Marginal Revolution includes a nice post on the perennial discussion of what constitutes "well offness", what do happiness surveys tell us, myopia, etc.
Priests and professors (and many others) have for years been telling anyone who would listen that they are pursuing all of the false gods, including the worst of them all, Mammon.
This is a discussion that we will always have. Perhaps to the good. In the meantime, can we celebrate a situation where more of us have more free choice over what to pursue than ever?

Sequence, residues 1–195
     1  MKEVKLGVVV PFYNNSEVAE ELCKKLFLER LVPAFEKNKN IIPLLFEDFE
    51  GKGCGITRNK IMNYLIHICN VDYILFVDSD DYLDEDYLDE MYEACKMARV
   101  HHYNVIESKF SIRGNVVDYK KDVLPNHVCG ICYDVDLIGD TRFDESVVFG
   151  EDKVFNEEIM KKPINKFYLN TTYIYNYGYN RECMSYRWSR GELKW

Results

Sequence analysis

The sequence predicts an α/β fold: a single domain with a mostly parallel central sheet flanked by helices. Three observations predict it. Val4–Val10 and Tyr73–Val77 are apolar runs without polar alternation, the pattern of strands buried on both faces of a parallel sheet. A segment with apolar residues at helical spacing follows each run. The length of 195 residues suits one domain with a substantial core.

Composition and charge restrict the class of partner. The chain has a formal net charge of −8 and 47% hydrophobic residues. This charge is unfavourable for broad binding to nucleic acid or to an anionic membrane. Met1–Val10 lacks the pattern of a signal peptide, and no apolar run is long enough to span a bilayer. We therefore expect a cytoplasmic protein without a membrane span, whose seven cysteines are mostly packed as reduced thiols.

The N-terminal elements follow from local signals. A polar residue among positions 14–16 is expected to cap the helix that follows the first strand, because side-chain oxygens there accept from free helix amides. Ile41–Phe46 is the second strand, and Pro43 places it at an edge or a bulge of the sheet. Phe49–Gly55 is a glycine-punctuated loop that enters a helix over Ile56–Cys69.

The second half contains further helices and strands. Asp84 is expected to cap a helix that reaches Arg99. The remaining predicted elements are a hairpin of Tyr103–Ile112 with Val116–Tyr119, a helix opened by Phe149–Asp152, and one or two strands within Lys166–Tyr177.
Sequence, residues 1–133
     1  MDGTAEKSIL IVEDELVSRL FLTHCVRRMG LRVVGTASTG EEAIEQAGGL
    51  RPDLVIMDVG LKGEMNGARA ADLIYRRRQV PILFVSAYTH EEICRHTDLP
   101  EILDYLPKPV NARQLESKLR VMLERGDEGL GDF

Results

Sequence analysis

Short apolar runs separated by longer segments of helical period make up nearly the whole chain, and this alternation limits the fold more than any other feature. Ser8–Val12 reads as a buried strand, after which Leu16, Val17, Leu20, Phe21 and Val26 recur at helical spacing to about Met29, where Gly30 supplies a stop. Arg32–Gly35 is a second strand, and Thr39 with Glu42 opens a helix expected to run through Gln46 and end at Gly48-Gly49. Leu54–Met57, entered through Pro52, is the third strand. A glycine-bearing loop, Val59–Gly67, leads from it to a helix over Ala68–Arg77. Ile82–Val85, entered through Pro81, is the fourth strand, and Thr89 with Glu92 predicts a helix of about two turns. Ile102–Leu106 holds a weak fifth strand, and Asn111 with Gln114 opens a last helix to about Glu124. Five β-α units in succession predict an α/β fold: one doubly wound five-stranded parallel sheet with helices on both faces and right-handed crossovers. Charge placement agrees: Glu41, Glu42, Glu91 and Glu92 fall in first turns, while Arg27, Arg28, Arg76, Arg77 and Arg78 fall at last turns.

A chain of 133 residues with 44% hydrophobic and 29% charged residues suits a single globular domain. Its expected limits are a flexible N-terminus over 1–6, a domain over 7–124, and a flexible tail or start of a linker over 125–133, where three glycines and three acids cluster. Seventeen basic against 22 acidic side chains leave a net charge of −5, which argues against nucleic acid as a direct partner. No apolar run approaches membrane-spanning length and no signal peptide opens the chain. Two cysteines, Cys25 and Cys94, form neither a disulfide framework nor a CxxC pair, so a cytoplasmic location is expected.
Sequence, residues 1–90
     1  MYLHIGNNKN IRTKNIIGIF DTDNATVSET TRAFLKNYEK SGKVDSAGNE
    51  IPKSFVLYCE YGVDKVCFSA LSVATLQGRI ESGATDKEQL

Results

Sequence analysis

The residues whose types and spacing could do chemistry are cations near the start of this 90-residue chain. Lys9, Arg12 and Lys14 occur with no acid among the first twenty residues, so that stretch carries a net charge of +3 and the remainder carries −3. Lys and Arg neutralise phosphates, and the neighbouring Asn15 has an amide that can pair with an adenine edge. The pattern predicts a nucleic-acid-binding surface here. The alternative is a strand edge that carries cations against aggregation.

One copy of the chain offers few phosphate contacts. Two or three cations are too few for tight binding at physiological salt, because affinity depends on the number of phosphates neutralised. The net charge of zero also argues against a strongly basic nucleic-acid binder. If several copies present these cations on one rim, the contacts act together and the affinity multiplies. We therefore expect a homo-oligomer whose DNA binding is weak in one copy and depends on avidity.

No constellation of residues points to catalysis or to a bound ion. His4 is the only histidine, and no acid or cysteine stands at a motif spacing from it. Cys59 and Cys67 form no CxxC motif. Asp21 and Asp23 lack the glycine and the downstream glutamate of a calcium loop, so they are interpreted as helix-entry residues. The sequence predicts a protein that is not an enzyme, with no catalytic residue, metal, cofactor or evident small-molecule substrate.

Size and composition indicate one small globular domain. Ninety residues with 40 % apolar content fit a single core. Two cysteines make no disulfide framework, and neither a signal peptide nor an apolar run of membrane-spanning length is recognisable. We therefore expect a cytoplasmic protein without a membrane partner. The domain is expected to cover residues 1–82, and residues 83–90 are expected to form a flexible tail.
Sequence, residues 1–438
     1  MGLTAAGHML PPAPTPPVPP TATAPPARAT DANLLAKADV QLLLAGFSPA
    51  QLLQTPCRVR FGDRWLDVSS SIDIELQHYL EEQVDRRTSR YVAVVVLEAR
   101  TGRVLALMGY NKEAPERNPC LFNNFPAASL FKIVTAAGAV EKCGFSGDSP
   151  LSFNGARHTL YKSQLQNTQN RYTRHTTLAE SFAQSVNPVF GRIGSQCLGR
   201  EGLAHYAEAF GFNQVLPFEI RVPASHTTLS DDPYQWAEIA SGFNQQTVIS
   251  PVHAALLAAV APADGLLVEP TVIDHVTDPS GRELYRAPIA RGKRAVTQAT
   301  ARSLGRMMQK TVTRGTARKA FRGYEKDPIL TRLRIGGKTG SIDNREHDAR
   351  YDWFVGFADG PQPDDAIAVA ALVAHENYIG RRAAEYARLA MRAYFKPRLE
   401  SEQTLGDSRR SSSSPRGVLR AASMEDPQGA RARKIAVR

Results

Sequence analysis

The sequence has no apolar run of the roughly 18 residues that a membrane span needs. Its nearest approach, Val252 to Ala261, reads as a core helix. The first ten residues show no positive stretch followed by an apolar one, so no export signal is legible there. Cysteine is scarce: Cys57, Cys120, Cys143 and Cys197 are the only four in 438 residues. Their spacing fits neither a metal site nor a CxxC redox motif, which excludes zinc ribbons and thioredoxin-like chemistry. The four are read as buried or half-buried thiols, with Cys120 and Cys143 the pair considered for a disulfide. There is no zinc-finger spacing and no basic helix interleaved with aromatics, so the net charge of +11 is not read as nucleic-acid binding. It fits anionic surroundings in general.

This usually where the incoherent stumble. An occasional theme of the left is that people have "too many choices" (this is wasteful and/or causes sensory overload and headaches, etc.). Yet, many of the same critics also claim that the evolving built environment, for example, is sterile and devoid of truly "interesting" (to me) choices.
The latter complaint cannot be addressed without reference to microeconomics and scale economies. In open markets, market niches left unattended are unlikely unless the technology is such that profitable scale is much larger then the effective demand size of the niche.
Yet, it is a safe bet that even were all demand niches to coincide with all profitable scales, the discussion of elusive well-offness would proceed. Arguably, it touches on all seven of the deadly sins.